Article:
Spring 2021 PEAK Experience Recipients

Congratulations to the COE student recipients of the Spring 2021 PEAK Experiences Awards. The PEAK Experiences Awards are a progressively structured sequence of opportunities designed to support learners as they continue climbing to new heights of achievement in undergraduate research and creative endeavor throughout their Northeastern journeys.

PEAK Experience Ascent Awardees

Ryan Brady, COE’22, Chemical Engineering/Biochemistry
“Coculturing of Intestinal Cells in an Organ-on-Chip Platform”

Mentor: Professor Ryan Koppes, Chemical Engineering
The goal of this project is to develop an improved Organ-on-Chip (OOC) model of the intestinal system. Animal models and static cell cultures currently used for intestinal modeling have shortcomings, most notably their differences from human functions. My project is to coculture four intestinal cell types on an OOC device to more accurately model intestinal function. This will involve the culturing of the cells on the OOC device as well as quantifying their growth with multiple staining methods. OOC models allow culturing of human cells in a more representative environment, potentially increasing modeling accuracy allowing more efficient drug development.
Anna LeClair, COE’23, Environmental Engineering
“Safely Reopening Buildings After the COVID-19 Shutdown: Investigating Lead Leaching and Corrosion Scales in Drinking Water”

Mentor: Professor Kelsey Pieper, Civil and Environmental Engineering
The COVID-19 pandemic forced commercial and academic buildings to abruptly close, causing drinking water systems to stagnate. Corrosion scales that form protective layers inside pipes become destabilized during stagnation, causing lead and other metal leaching and rendering drinking water unsafe. Our bench-scale experiment will investigate this poorly-understood phenomenon and determine safe reopening procedures after 1-4 weeks of stagnation to prevent harmful lead exposure. Results will be presented at RISE and other conferences and will be used to revise current EPA utility reopening guidelines.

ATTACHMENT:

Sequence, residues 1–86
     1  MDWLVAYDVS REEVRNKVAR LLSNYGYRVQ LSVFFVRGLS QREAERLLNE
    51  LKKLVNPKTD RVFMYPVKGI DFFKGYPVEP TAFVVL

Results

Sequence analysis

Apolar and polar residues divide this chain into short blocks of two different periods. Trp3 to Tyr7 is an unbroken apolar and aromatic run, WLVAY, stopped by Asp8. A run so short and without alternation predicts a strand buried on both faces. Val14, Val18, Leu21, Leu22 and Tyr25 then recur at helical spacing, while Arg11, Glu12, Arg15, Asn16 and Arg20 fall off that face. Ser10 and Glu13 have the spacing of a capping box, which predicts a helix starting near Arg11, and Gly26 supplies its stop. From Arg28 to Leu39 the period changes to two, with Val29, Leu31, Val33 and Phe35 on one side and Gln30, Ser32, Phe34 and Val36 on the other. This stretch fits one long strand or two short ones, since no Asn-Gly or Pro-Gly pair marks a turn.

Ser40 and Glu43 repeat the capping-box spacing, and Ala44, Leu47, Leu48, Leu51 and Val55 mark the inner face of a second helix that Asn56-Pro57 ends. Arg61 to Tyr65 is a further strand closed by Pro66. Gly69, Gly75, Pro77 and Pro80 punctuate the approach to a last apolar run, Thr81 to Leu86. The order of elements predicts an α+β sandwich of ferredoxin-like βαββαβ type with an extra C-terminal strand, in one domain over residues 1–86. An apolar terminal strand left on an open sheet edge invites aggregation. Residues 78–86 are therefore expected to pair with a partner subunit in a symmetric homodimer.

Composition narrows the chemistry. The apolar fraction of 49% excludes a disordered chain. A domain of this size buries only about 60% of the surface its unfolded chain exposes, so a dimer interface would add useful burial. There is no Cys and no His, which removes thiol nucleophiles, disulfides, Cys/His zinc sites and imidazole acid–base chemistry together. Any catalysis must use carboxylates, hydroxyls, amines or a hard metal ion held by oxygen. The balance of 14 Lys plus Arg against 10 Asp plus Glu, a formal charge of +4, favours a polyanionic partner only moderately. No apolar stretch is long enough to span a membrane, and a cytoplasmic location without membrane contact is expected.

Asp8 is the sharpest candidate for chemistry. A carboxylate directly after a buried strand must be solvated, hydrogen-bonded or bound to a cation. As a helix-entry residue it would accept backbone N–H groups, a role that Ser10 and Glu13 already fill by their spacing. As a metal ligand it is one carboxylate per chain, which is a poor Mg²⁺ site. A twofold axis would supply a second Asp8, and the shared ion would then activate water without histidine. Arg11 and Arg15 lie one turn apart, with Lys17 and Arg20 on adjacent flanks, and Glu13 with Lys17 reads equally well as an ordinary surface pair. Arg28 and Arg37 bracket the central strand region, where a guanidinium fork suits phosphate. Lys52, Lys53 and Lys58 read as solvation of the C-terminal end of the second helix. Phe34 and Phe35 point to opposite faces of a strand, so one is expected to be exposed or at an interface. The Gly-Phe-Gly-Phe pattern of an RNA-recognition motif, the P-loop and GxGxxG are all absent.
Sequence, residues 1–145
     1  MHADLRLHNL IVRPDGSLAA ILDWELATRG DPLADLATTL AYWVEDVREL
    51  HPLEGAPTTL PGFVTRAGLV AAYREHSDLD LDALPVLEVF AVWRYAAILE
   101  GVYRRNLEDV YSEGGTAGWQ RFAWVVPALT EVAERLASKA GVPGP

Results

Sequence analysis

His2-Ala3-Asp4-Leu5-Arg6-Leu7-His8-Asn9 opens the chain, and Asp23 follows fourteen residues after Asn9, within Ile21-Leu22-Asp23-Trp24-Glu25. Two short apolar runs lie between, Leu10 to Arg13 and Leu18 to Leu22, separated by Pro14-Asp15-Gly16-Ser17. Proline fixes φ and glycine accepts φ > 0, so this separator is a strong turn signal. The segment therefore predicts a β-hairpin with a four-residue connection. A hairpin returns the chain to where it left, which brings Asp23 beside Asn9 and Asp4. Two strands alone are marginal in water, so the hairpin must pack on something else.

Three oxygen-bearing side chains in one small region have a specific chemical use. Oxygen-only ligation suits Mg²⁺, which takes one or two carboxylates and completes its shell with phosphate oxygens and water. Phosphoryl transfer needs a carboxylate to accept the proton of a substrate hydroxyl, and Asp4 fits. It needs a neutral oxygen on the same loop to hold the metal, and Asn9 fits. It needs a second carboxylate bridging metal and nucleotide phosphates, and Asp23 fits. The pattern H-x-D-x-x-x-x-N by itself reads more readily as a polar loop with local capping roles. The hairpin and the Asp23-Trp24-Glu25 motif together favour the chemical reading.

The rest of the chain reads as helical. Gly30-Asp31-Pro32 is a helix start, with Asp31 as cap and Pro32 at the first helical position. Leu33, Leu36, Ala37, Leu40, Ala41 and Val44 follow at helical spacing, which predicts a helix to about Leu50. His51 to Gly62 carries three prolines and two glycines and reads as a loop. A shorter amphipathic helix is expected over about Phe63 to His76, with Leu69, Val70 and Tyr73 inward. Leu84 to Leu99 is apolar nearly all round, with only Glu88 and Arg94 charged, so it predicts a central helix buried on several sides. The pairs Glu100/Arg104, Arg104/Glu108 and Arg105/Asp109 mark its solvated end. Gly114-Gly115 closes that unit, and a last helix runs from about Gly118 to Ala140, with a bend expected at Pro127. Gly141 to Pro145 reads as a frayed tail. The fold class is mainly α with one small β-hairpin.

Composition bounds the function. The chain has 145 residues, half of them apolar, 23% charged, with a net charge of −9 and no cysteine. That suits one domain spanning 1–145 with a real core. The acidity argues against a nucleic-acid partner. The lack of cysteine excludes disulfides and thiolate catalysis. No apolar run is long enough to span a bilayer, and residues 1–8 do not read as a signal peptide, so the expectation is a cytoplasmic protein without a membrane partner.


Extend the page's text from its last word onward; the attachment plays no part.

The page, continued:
PEAK Experience Summit Awardees

Rosemary Ajegwu, COE’21, Industrial Engineering
“when did our bodies stop belonging to us?”

Mentor: Professor Nicole Aljoe, African-American Studies and English
“when did our bodies stop belonging to us?” tethers the erasure of Uli drawing culture to colonialism, police brutality, and the policing of self-expression in Nigeria and within the Nigerian Diaspora. It exposes how colonization continues to govern our bodies, our personhoods, and our relationships to each other. Using archival research and documentation, “when did our bodies stop belonging to us?” invites Nigerians to preserve our Indigenous art forms, histories, and our right to self-expression.
Ralston Augspurg, COE’22, Bioengineering
“Altering Mechanotransduction Pathways Associated with Hypercontractility in Asthmatics”

Mentor: Professor Harikrishnan Parameswaran, Bioengineering
1 in 13 people are affected with asthma globally, yet the only treatments available for this chronic disease only manage the symptoms and reportedly progress the disease further over the course of someone’s life. We are investigating a way to provide long-term relief for asthmatics through targeting pathological mechanotransduction pathways in the airway by disabling integrins in smooth muscle cells using monoclonal antibodies. We hope to identify a possible strategy to better manage symptoms of this progressive disease.